OD’s probe into racial favoritism and public funding of sporting events in Birmingham, Alabama continues to turn up some interesting results with the assistance of Al.com commentators.
I learned this morning that Birmingham lost the chance to host the United States MotoGP for three years at Barber Motorsports Park when a deal between Zoom Motorsports and the City of Birmingham crashed and burned due to the lack of public funding in 2005:
“MotoGP is a worldwide racing circuit that stages 16 motorcycle races in different countries during the racing season. It has not held a United States Grand Prix in a decade, and the Barber Motorsports Park is reportedly the leading candidate to land the race in 2005, 2006, and 2007. The 2005 race would be scheduled the weekend before the May NASCAR race at Talladega and could draw up to 100,000 people to the Barber racetrack and museum located off I-20 in Birmingham near Leeds. The Grand Prix has a worldwide television audience of more than 200 million that is broadcast to 200 countries.”
“Controversy between George Barber, owner of Barber Properties, and Birmingham Mayor Bernard Kincaid over the dilapidated Sears structure deprived the city of a chance to host to one of the top motorcycle races in the world.
A year ago, Barber asked the city to commit $250,000 annually for three years to bring the North American Grand Prix to the Barber Motorsports Park. The race is part of the MotoGP, a worldwide motorcycle racing series that is the equivalent of the Formula One racing circuit for automobiles. In exchange, Kincaid asked for control of the Sears property, but Barber would not comply, arguing that the economic impact to the city should be a sufficient swap. Famed Laguna Seca Raceway in Monterey, California, got the Grand Prix instead.”
In 2005 and 2006, 153,653 people and 151,000 people attended the MotoGP at Laguna Seca in California. 140,250 came in 2008, 105,817 came in 2009, 51,436 came in 2010, 136,000 came in 2011, and 137,221 came in 2012.
“Dorna officials claim attendance figures were slightly higher this year than last. This year’s three-day event total of 137,221 was a slight bump from the 136K in 2011. It seemed to us the stands were less occupied this time, especially on Saturday. Race-day attendance of 52,677 was basically unchanged.”
Later this month, the 2013 MotoGP is coming to Austin, Texas:
“Austin City Council members voted 5-2 on Dec. 13, in effect, to sponsor the circuit’s application for money from the fund, which is controlled by state Comptroller Susan Combs’ office. City, circuit and local organizing committee officials signed agreements about a week later.
The application seeks about $2.2 million, of which $1.9 million would come from the state tax revenue generated by the three-day event and about $300,000 from a local entity. Normally the local money would come from Austin, but Circuit of the Americas organizers have agreed to pay the local share.
The application also includes a Dec. 18 letter from City Manager Marc Ott to Combs in support of the application.
… MotoGP is motorcycling’s equivalent of auto racing’s Formula One. It’s the pinnacle of the sport and will have two other stops in the United States in 2013: Indianapolis and Laguna Seca in California.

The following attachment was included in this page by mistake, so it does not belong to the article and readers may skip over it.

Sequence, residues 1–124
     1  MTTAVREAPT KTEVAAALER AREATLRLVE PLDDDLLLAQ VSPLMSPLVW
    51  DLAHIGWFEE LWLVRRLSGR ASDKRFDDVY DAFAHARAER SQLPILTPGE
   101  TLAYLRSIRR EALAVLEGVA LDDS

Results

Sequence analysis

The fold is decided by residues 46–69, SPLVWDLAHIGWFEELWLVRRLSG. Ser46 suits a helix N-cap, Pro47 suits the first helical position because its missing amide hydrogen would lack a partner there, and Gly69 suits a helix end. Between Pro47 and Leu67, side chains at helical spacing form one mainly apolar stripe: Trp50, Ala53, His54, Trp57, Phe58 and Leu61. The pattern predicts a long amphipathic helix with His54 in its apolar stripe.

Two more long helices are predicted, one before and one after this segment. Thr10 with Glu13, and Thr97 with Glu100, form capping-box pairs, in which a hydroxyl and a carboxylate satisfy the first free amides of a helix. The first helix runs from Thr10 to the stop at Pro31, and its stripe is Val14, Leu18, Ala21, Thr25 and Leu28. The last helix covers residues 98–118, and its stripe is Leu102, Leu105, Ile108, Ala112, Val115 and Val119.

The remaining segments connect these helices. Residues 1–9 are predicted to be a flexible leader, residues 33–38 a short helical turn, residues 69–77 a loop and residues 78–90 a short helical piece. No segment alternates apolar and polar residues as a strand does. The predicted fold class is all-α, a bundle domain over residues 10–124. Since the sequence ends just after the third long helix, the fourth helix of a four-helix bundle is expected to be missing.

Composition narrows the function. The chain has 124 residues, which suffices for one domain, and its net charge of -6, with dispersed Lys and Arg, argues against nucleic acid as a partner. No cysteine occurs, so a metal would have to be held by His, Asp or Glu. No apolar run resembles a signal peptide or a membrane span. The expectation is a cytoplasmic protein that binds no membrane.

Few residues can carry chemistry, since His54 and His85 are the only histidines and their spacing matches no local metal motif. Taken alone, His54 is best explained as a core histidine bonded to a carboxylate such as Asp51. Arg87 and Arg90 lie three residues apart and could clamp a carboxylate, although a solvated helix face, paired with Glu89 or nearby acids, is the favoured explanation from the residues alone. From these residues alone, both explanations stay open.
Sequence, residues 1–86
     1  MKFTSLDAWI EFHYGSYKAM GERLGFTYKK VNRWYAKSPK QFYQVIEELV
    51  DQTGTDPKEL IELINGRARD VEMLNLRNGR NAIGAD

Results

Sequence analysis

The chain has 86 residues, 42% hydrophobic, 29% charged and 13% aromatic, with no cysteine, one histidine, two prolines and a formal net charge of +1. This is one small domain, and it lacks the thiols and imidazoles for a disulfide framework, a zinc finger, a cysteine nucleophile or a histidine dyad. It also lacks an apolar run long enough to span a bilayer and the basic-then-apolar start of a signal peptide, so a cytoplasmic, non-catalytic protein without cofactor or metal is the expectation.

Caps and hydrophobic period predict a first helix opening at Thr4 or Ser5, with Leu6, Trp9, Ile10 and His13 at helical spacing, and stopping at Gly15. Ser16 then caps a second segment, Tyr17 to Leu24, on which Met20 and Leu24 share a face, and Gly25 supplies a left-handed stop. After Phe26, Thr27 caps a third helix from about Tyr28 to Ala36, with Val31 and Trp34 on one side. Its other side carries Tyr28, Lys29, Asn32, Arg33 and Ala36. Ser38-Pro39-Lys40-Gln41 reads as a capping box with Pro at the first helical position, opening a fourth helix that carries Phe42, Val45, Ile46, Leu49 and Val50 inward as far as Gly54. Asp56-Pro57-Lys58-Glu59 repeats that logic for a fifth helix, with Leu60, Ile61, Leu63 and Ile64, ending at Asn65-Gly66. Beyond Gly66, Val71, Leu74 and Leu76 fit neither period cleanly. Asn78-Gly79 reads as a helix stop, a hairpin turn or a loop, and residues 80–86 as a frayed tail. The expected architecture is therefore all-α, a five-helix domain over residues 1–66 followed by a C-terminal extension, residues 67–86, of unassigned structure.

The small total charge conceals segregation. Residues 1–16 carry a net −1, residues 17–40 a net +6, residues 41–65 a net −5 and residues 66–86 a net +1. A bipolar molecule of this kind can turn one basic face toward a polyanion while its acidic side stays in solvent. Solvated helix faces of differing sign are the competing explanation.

At each location, the three-day event might draw 130,000 to 140,000 fans, with upwards of 60,000 for a Sunday race, officials have said.
The Austin study says that about 86,000 people will attend race day April 21, a Sunday, with a total attendance over three days of 161,000. Those figures are based on attendance at Laguna Seca and Indianapolis for the past three years and a “novelty effect” for a first-year event, the study says.
About 55 percent of attendees are expected to come from out of state, according to the study.
Circuit spokeswoman Julie Loignon would not say how many tickets have been sold or from where people are buying them. Most of the U.S. sales have come from Texas, she said, and the majority of international sales have been from Mexico, Canada and Great Britain.
The study considered how much fans, team personnel and drivers, media, sponsors and others will spend on hotel rooms, food and drinks, car rentals, and shopping and entertainment in Central Texas. It says up to 9,700 hotel rooms will be needed for the race, about a third of the city’s 30,000 rooms.
Most of the money spent — about 80 percent — would stay in Austin, the study says.”
David Sher recently published an article which showed that Metro Birmingham was ranked #197 out of 200 metro areas in job growth. The City of Austin, which has wisely chosen to bring the MotoGP to Texas, which Mayor Bernard Kincaid and the Birmingham City Council rejected in 2005 over control of the blighted downtown Sears building, was ranked #2 in the same Milken Institute Survey.
In two weeks, Austin, TX will be filling 9,700 hotel rooms with MotoGP fans. The 161,000 fans expected to attend the MotoGP in Austin is almost 3x the number of fans who attended the 2012 Magic City Classic. 101,821 football fans attended the record setting 2010 Iron Bowl between Auburn and Alabama in Tuscaloosa.
Comeback Town or Tragic City?
Note: Instead of three years of the United States MotoGP, the Birmingham City Council inked a deal with “G Entertainment” for the world class Vulcan Bike Week. This is the kind decision that explains why Birmingham was ranked the 4th worst city for business out of 50 cities in Alabama.